Sell-Off Could Bring Opportunity in Nasdaq ETFs | ETF Trends

Stocks are off to an ominous start in 2022 with unprofitable, high-growth, and technology names leading the declines.

Given the depth of recent declines, some investors are likely skittish about embracing growth stocks right now, but the market’s bout of weakness to start 2022 could be opening the door to opportunity with exchange traded funds, including the Invesco QQQ Trust (QQQ) and the Invesco NASDAQ 100 ETF (QQQM).

Both QQQ and QQQM track the Nasdaq-100 (NDX), which is now in correction territory. However, that may be a case of the baby being thrown out with the bathwater because many of the largest NDX components — thereby the largest holdings in QQQ and QQQM — are high-quality, highly profitable companies. Those are exactly the traits investors should be looking when inflation is higher and interest rates are poised to rise.

“I suspect that we will see, yet again, that the profitable, high-[free cash flow] generating names that are deeply rooted in secular transitions to enterprise software, the cloud, digital advertising, and search will once again put up impressive growth numbers…and once again deliver impressive margin expansion in their quarterly reports,” said Greg Branch, founder at Veritas Financial in an interview with Jesse Pound of CNBC.

Some of the biggest holdings in QQQ and QQQM are sporting deep double-digit year-to-date declines. Those include Amazon (NASDAQ:AMZN), Google parent Alphabet (NASDAQ:GOOG), and Meta (NASDAQ:FB). Those stocks, each of which fits the bill as a quality name, combine for over 18% of the Nadaq-100’s weight. Those stocks appear on a CNBC list of Nasdaq equities that recently faltered and are still mostly beloved by sell-side analysts.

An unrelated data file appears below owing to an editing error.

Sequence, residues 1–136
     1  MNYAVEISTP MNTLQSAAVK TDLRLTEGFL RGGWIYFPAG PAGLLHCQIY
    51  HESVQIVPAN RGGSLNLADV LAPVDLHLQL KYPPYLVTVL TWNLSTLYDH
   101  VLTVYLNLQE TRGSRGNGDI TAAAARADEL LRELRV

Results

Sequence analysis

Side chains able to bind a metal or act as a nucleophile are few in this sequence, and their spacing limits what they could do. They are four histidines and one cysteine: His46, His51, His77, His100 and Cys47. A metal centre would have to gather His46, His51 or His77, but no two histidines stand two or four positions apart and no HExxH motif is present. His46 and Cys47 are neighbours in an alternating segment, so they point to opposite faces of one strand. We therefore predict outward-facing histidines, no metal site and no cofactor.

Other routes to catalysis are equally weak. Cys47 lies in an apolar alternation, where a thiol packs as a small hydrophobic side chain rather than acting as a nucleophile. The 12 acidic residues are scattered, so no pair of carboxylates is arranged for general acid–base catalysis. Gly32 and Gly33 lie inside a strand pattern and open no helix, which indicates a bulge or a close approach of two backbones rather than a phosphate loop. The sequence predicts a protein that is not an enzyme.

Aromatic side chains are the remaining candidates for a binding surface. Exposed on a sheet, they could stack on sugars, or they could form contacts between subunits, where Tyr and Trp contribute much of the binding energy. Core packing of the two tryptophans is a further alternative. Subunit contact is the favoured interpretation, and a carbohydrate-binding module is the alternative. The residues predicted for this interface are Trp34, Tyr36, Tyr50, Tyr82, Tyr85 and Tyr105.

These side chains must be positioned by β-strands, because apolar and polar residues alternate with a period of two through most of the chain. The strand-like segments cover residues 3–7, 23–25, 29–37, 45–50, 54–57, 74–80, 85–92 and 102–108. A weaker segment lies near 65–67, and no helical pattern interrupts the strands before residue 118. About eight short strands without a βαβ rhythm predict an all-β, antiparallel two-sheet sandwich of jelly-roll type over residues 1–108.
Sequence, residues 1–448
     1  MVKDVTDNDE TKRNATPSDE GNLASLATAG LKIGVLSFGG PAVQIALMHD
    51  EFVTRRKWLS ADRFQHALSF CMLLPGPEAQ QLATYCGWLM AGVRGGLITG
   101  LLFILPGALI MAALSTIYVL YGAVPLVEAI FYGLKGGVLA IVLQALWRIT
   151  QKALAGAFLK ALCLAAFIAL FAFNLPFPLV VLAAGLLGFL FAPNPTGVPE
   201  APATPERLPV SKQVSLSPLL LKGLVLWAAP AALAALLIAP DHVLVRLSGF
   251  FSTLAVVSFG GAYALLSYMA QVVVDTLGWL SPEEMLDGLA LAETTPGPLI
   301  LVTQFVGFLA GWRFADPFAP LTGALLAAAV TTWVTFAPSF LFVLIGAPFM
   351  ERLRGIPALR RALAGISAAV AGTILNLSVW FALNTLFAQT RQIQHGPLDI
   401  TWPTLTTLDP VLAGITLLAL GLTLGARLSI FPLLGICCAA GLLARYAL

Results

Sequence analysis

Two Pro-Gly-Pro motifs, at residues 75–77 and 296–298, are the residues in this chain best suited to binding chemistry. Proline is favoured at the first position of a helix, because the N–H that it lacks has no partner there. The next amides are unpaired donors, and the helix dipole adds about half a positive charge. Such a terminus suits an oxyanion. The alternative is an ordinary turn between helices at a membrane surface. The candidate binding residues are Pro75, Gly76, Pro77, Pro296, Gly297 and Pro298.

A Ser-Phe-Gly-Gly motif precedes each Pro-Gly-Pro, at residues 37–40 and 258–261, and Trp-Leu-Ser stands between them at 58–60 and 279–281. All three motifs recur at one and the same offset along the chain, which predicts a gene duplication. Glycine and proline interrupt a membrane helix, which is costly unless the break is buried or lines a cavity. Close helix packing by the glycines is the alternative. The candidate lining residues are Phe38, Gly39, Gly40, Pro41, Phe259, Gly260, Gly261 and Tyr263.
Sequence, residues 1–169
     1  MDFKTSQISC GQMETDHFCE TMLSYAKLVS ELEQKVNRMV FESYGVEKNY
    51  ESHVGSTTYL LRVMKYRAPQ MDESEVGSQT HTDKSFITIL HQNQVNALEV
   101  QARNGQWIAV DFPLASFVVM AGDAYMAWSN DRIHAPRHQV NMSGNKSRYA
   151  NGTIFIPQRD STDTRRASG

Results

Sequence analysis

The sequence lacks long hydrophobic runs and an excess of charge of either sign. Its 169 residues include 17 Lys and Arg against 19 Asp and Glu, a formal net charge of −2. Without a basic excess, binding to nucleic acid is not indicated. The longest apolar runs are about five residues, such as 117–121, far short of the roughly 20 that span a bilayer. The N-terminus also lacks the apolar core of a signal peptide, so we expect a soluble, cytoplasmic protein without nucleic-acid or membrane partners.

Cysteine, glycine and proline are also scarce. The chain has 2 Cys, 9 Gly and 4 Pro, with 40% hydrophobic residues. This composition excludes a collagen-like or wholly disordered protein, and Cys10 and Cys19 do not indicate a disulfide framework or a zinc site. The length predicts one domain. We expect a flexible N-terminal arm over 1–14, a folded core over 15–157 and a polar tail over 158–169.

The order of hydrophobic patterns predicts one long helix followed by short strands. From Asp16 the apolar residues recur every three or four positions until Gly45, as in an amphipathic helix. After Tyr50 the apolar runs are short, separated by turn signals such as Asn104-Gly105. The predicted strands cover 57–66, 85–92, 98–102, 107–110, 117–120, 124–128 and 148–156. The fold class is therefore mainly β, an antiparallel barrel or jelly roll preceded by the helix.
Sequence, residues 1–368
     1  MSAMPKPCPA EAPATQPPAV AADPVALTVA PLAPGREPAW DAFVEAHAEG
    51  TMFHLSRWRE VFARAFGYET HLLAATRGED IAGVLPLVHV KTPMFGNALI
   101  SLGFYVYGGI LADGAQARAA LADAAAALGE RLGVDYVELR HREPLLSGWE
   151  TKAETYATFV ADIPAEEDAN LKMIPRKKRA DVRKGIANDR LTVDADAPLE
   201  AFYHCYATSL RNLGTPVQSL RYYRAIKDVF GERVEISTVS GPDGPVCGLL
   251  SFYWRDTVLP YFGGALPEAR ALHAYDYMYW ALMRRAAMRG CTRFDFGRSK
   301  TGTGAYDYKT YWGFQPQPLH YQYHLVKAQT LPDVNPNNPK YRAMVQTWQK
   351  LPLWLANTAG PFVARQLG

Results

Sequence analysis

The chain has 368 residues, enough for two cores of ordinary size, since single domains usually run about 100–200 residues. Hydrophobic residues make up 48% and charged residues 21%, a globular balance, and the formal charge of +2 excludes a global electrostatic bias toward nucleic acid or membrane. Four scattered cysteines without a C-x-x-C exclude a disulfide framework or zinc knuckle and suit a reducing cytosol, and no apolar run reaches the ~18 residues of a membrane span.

“Another Big Tech name on the list is Netflix. The streaming video giant, which saw subscriptions surge during the pandemic, is set to report its latest earnings after the bell on Thursday. Shares of Netflix are more than 26% below their recent high and have slid 14.4% in January alone,” according to CNBC.

Netflix accounts for 1.64% of QQQ and QQQM. Other well-known NDX components that are still favored by analysts that could be prime rebound candidates include PayPal (NASDAQ:PYPL) and semiconductor giant Qualcomm (NASDAQ:QCOM). That duo combines for about 2.8% of QQQ and QQQM.

QQQM is the lower-cost cousin of QQQ, and its annual fee is 0.15% per year compared to the 0.20% charged by QQQ.

For more news, information, and strategy, visit the Nasdaq Investment Intelligence Channel.

The opinions and forecasts expressed herein are solely those of Tom Lydon, and may not actually come to pass. Information on this site should not be used or construed as an offer to sell, a solicitation of an offer to buy, or a recommendation for any product.

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